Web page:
Asking the "tough" questions up front is hard for newer salespeople because we think the sale may "get away" from us.

    Us experienced salesmen know that at worst the sale wasn't there, and at best, asking the tough questions draws in the suspect closer in a more engaging process.

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  • Profile picture of the author bizgrower
    This is from Gorilla Group's (a large internet marketing agency) job description for an Ecommerce Consultant position (Wordy, but at least they are paying attention to qualifying.):

    "The Ecommerce Consultant will enable expert counseling to our prospective clients on ecommerce and platform best practices during the Sales Discovery in order to deliver a proposed solution. The Ecommerce Consultant will be responsible for leading prospects through Sales Discovery by facilitating the identification and documentation of scope requirements."
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    • Profile picture of the author ewenmack
      Originally Posted by bizgrower View Post

      "The Ecommerce Consultant will enable expert counseling to our prospective clients on ecommerce and platform best practices during the Sales Discovery in order to deliver a proposed solution. The Ecommerce Consultant will be responsible for leading prospects through Sales Discovery by facilitating the identification and documentation of scope requirements."
      I wonder if they train their consultants to use
      wordy sentences like that?

      If so, the brain is gonna get confused and won't buy.

      Best,
      Doctor E. Vile
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      • Profile picture of the author bizgrower
        Originally Posted by ewenmack View Post

        I wonder if they train their consultants to use
        wordy sentences like that?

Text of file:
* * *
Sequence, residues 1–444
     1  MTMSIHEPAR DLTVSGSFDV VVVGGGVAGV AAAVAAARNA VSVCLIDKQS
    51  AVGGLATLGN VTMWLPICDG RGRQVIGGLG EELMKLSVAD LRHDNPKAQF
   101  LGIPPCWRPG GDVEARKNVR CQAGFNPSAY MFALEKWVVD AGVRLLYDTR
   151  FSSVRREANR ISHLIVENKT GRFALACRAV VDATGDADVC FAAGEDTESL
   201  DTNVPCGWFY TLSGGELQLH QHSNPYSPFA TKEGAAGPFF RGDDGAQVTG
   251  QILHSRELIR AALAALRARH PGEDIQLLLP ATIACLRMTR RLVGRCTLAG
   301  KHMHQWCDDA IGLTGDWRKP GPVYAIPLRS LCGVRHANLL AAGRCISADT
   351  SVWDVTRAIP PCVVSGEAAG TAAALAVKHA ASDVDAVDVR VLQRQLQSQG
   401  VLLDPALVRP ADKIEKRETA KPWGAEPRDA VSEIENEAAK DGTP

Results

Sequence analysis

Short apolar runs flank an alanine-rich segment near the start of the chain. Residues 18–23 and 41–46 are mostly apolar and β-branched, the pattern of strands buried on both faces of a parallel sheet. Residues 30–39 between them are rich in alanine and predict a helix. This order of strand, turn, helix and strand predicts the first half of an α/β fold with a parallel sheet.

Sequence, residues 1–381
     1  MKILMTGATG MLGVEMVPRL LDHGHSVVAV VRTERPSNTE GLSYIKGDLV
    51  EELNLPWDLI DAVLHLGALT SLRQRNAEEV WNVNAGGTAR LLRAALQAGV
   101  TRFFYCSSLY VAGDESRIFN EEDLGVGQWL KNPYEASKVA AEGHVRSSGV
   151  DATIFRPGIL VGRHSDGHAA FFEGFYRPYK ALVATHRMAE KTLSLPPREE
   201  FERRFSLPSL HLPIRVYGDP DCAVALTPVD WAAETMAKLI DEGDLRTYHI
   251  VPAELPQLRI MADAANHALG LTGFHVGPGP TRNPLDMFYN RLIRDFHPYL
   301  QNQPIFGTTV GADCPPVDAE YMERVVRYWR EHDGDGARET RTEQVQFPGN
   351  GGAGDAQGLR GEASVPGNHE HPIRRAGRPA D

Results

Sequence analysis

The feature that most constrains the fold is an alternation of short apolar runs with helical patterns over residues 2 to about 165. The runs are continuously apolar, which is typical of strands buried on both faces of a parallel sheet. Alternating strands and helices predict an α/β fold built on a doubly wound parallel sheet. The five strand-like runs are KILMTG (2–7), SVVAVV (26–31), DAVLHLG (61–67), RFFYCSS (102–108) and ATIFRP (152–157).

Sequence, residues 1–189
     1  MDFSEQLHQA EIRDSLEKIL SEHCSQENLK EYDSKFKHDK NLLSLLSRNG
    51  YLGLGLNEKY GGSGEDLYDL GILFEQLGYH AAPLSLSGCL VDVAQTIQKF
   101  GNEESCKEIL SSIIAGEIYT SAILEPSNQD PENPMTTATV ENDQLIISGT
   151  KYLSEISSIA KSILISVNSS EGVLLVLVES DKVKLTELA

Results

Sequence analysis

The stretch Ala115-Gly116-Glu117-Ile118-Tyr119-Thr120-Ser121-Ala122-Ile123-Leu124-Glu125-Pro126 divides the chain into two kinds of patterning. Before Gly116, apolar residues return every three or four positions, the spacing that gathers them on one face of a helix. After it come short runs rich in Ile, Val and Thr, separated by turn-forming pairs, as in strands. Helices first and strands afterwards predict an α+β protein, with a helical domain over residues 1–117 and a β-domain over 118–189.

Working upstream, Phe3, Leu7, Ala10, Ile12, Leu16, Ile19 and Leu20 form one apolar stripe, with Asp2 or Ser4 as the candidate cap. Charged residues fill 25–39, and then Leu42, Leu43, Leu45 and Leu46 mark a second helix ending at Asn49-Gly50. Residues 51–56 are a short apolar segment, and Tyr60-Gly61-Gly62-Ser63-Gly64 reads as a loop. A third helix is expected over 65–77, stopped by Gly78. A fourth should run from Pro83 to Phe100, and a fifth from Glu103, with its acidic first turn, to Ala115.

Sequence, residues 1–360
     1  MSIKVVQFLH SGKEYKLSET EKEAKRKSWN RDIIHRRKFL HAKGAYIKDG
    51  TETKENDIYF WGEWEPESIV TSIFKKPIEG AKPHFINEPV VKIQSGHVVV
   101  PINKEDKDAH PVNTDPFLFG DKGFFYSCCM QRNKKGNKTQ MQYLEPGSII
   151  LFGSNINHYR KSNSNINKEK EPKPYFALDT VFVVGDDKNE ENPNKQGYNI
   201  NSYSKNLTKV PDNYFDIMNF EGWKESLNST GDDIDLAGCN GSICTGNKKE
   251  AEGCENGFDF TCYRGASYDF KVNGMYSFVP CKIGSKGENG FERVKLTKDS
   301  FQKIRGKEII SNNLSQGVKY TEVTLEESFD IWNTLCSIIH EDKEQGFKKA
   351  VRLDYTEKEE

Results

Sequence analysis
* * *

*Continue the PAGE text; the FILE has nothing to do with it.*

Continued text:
If so, the brain is gonna get confused and won't buy.

        Best,
        Doctor E. Vile
        Hope it's some millennial in HR who wrote that, not someone from their sales and marketing
        department.
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      • Profile picture of the author socialentry
        Originally Posted by ewenmack View Post

        I wonder if they train their consultants to use
        wordy sentences like that?

        If so, the brain is gonna get confused and won't buy.

        Best,
        Doctor E. Vile

        It's funny but french middle management in Canadian banks really do seem to speak like this. Even on their down time, it tends to seep into conversations.

        Dunno about the US, but in Quebec if you're Finance/Financial engineering/Administration/Business/etc major the practice is encouraged from the onset of university which is a shame because it leads to awful, awful, awful writing.
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    • Profile picture of the author Claude Whitacre
      Originally Posted by bizgrower View Post

      This is from Gorilla Group's (a large internet marketing agency) job description for an Ecommerce Consultant position (Wordy, but at least they are paying attention to qualifying.):

      "The Ecommerce Consultant will enable expert counseling to our prospective clients on ecommerce and platform best practices during the Sales Discovery in order to deliver a proposed solution. The Ecommerce Consultant will be responsible for leading prospects through Sales Discovery by facilitating the identification and documentation of scope requirements."
      This sounds like most elevator talks I read. Or most Mission Statements. Nothing any real human being would say to another human being.
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  • Profile picture of the author kenmichaels
    wow - you guys are awesome. Thank you for the kind words and advice.

    When I have some time later I'll come back and respond.
    Who would have thunk it - WF moral support.
    -- You guys made my day
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  • Profile picture of the author kenmichaels
    [DELETED]
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    • Profile picture of the author sconer
      Nothing you posted would make anyone think you were a whiny twat no matter how you wrote it. They are all pretty serious things and you seem to be pretty strong for getting thru it. Good luck.